How to Use Google Analytics to Enhance Your Content Marketing
Content marketing is now seen as the most important part of any digital marketing mechanism, but that doesn’t mean it’s easy. Whatever content marketing strategy you have in place, it is important than you can determine what works for your brand and what doesn’t.
There is no magic formula for creating engaging content that your audience will love and share. Consumer behaviour can be unpredictable, but when you have your target audience in place your content strategy can be moulded around them.
Data analytics can be very useful when you need to measure the results of your content marketing and gain some actionable insights. Google Analytics is a popular tool already used by the majority of marketers, but it can actually really help out content strategists and community managers too.
Here are a few different ways you can use Google Analytics to enhance your content marketing:
By working out which pages are most popular with your visitors, you can determine which of your products or services are of most interest to them. From this you can then focus your content strategy on boosting less popular pages and covering topics of interest in your blog posts.
The best way to find this data is to choose the “All Pages” report under “Site Content” in the “Behaviour” menu:
This screen will show you a range of metrics, but the main ones you need to pay attention to are “pageviews”, “bounce rate” and “average time on page”. All three of these metrics need to be considered when looking for popular topics, as a page with lots of views but a high bounce rate doesn’t necessarily mean it is popular, whereas a page with a low bounce rate and good average time on page has obviously interested the visitor.
Using the site search function in Google Analytics will allow you to discover what type of content users are looking for on your site. To set this up, click on “View Settings” within the Admin panel and make sure that the “Site Search Tracking Slider” is turned on:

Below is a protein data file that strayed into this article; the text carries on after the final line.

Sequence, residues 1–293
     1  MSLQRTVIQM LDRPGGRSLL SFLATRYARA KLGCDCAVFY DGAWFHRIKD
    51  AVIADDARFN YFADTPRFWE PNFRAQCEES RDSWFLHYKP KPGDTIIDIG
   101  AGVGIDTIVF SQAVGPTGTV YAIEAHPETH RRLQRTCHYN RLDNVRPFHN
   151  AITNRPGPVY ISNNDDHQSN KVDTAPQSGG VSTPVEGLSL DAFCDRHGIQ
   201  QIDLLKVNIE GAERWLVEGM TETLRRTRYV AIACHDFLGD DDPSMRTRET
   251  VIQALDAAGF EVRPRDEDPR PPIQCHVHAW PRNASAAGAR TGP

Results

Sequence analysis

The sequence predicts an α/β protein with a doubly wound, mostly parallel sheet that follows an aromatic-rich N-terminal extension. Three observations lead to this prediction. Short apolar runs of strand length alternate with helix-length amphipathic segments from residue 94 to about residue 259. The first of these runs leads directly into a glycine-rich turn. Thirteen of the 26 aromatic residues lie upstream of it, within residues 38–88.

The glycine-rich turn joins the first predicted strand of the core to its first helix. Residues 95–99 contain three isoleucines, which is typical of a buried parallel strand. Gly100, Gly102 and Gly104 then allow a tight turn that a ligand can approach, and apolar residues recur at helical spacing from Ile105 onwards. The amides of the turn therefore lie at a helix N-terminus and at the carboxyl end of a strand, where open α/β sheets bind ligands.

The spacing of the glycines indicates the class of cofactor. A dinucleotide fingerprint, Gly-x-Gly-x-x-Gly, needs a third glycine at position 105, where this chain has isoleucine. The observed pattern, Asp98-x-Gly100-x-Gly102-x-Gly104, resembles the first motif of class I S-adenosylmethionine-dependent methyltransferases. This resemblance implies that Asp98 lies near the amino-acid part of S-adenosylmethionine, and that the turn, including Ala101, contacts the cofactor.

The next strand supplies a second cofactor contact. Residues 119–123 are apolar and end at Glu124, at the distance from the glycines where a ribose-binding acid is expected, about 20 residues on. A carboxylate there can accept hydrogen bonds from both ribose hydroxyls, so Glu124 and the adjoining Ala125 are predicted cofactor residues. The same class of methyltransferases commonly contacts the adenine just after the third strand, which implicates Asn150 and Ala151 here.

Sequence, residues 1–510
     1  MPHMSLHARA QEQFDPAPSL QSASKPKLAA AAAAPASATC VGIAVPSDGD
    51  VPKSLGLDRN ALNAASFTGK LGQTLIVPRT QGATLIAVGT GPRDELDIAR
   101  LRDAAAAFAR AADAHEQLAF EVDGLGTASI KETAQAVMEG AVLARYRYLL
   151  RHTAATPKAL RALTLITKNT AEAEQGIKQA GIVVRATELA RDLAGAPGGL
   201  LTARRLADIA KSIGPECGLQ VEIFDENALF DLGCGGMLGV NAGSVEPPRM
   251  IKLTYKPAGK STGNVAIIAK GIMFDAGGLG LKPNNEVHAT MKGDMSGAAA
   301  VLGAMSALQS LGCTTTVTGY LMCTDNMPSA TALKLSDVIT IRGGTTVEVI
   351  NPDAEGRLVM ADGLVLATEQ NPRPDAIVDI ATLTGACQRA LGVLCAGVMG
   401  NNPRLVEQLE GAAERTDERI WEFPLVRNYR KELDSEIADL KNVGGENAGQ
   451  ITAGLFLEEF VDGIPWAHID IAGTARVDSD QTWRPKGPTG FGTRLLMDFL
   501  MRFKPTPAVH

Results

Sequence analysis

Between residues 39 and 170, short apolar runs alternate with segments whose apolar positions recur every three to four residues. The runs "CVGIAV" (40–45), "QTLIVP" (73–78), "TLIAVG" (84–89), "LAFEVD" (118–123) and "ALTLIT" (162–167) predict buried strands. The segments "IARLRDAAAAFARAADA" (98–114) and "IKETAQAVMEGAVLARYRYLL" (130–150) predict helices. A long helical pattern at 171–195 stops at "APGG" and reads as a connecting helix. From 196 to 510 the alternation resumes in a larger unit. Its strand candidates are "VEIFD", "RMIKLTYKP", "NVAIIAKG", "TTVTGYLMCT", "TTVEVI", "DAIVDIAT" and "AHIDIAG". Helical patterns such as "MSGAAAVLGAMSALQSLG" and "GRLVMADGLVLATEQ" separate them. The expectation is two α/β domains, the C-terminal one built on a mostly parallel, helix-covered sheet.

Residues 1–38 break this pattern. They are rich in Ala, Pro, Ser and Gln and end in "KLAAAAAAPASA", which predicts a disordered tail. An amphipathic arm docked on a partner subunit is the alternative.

Once it is switched on, you need to enter your Query parameter. To work out what this is, you just need to make a search using the search box on your site and work out what the letter, or string of letters, before the equals sign is.
Here you can see our Query parameter is “?s”
The audience widgets on your dashboard will give you some great insights about your audience. The returning visitors pie chart will tell you how many of your visitors are new and how many are returning to your site, and the demographics section will give you an idea of their age range and gender.
Google Analytics will even give you a good indication of what your audience’s interests are:
You can also find out the main locations that your visitors have come from using the “visitor location” widget, so you can then tailor your content by factors such as language use and cultural concepts.
The “day of the week” widget shows you exactly when your audience are engaging with your content, and allows you to publish it or promote it through social media at influential times:
It is important to see how users engage with your content so that you can make sure it is optimised for conversions. The best way to do this is using the Page Analytics Chrome extension, as this will show you exactly which clickable elements your users are interacting with.
By analysing the amount of clicks various elements on your site are receiving, you can work out where different widgets work best and what’s important as part of your blog layout. Focus on elements that are important for conversions, such as your CTAs, to ensure they are more likely to get clicked on.
Social Media Reports
A big part of content marketing is of course social media. Once your content has been published, it is important that it is being seen and shared. Using Google Analytics, you can find out a lot about your content and the social media channels you are promoting it through.
You can access the Data Hub through the “social” tab under “Acquisitions” on the left hand side of Google Analytics. This section will show you not only who is posting links to your website, but also what they said about the links. This hub will really help you identify any brand advocates you can build relationships with.
The Trackbacks section, just a couple down from the Data Hub, will show you any pages that are being shared on social media that contain a link back to your site. This means you can identify potential new offsite content prospects and check that any guest posts you have written are being socially shared. If a site has already linked to you, then get in touch and start building up a relationship with them.
Being data driven is crucial in the marketing industry, and where better to get your data from than Google Analytics? By mentioning data in your content, you will boost the quality and credibility of anything you publish.
There are tons of different ways to use data to supercharge your content including backing up any facts, showcasing success levels and demonstrating changes over time. For more ideas you can read a previous blog post of mine called 6 Ways Data Can Supercharge Your Content Marketing.